While many authors might use as little as 200 words in their entire book description, we used that many just for the opening. We wrote four paragraphs for the opening of our description, each with different purpose. One paragraph is a general introduction, one tells readers what they can expect from the book, another helps to distinguish our book from others in its genre, and the last is an inspirational paragraph to motivate buyers to read further.

 

Description_Paragraphs

The description itself should be an easy to read overview of your book, with a generous sprinkling of key search words strategically placed within the text so that they don’t interfere with the natural reading of the passage. Repetition of key words is acceptable as long as it doesn’t become glaringly obvious that you’re trying to pack as many search terms as possible into the description. Be careful not to overdo it. Below we’ve circled all the commonly used search terms we used in our description.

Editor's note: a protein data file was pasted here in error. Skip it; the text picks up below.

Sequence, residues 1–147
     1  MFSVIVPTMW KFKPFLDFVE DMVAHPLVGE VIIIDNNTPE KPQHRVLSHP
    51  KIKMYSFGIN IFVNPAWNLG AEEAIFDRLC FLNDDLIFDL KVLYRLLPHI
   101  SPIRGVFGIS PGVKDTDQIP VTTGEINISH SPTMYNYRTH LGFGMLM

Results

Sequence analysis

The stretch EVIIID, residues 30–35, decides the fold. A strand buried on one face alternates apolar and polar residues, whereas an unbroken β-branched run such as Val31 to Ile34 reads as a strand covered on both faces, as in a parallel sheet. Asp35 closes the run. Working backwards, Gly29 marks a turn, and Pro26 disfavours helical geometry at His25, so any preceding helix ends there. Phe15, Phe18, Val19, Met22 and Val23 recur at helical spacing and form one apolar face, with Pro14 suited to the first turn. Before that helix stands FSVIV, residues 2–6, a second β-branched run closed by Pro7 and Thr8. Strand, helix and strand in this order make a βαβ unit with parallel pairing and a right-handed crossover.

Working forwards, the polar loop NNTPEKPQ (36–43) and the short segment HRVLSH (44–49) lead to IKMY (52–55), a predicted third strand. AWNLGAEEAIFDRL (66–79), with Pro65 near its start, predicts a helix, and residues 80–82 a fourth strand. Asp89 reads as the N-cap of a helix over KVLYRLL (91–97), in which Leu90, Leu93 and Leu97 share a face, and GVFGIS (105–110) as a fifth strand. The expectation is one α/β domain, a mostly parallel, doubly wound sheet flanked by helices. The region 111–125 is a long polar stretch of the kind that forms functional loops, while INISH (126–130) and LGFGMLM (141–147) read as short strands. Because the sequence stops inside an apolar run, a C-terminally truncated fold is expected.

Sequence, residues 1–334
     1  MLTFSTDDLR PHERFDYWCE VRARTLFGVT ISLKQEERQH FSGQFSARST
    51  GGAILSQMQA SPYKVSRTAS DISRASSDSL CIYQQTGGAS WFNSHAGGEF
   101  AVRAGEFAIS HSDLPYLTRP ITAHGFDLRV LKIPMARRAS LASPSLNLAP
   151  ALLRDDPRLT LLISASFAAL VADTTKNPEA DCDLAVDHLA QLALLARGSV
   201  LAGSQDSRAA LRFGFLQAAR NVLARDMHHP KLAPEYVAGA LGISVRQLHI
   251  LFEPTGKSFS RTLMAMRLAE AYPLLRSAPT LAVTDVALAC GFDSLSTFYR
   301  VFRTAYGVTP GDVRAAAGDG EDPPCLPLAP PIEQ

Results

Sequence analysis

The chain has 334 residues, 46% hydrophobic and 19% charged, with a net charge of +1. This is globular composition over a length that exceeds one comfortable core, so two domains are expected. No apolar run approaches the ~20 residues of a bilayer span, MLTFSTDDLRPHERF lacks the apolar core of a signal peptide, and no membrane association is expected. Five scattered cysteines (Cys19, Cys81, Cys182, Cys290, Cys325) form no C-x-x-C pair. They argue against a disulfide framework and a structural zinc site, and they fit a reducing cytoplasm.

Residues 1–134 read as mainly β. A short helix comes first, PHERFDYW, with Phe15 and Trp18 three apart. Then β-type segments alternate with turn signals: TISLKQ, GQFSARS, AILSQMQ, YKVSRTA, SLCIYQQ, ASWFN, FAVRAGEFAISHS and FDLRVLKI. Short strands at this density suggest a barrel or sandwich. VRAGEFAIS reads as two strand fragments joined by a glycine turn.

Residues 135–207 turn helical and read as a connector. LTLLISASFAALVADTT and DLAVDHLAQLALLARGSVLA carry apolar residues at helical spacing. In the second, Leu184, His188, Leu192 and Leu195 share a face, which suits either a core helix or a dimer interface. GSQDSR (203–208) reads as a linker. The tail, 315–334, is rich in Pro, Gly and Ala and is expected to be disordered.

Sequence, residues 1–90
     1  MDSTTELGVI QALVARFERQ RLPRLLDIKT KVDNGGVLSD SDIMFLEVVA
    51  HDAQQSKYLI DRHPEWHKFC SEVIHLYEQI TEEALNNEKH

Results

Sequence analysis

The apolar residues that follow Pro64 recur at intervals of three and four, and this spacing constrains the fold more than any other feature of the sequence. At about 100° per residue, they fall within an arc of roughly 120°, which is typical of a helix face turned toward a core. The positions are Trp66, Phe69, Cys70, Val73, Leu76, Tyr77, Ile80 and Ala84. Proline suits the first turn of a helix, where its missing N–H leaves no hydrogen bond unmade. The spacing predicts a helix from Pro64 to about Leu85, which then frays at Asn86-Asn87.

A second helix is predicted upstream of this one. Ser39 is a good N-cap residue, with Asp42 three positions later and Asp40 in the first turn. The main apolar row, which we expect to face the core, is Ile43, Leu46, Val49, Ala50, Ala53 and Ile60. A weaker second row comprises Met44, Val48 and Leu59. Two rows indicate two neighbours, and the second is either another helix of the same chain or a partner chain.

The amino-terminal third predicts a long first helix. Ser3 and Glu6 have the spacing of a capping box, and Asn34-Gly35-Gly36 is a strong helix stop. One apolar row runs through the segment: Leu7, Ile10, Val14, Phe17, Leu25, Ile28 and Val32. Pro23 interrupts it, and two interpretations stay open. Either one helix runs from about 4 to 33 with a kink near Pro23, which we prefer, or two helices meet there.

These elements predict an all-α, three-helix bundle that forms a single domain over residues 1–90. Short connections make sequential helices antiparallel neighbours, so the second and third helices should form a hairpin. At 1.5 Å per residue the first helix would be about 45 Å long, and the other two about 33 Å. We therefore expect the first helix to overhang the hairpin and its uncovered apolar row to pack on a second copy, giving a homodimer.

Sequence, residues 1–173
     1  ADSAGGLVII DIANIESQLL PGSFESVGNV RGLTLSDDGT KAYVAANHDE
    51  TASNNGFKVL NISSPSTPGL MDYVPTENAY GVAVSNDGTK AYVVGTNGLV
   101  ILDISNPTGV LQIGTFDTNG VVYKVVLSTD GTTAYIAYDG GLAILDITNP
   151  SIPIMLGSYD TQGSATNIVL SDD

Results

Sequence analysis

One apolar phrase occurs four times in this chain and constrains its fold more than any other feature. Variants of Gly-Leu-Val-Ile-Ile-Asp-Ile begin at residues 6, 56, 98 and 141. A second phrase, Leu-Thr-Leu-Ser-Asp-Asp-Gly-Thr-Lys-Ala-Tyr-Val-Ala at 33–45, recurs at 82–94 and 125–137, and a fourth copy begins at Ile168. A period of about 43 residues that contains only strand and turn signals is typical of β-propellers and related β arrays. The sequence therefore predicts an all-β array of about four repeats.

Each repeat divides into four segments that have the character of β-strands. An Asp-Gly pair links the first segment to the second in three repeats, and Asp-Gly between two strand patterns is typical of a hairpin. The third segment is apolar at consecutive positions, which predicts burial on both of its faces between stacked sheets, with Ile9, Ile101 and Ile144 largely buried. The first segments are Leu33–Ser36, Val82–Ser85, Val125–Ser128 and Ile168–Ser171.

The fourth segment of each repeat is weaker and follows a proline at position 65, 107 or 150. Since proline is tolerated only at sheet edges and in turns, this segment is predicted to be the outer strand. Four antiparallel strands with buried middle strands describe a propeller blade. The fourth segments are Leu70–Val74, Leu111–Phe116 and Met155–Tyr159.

Description_Keywords

Bullet List
To give readers a closer look at the contents of our book, and to provide search engines with more keywords, we included the chapter headings of the book in a bullet list. To create a bullet list, replace the text between the tags below with the words from your book:

<li>Chapter 1</li>
<li>Chapter 2</li>
<li>Chapter 3</li>
<li>Chapter 4</li>

Bullet tag

 

Key Words
The key words we want search engines to find in our bullet list are circled below:

Word_combinations

Reviews